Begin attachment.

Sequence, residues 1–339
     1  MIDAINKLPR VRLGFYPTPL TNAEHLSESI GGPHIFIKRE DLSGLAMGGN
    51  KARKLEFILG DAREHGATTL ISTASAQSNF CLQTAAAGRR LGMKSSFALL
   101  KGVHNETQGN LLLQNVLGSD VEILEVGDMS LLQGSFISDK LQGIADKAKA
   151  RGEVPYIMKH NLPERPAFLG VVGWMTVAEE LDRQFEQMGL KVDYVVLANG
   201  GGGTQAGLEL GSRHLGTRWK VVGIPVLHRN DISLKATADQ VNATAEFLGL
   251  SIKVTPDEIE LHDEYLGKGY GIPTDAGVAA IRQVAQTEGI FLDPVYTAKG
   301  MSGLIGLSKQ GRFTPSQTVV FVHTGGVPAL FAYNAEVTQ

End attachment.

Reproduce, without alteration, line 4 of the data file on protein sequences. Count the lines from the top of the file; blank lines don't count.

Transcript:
   101  KGVHNETQGN LLLQNVLGSD VEILEVGDMS LLQGSFISDK LQGIADKAKA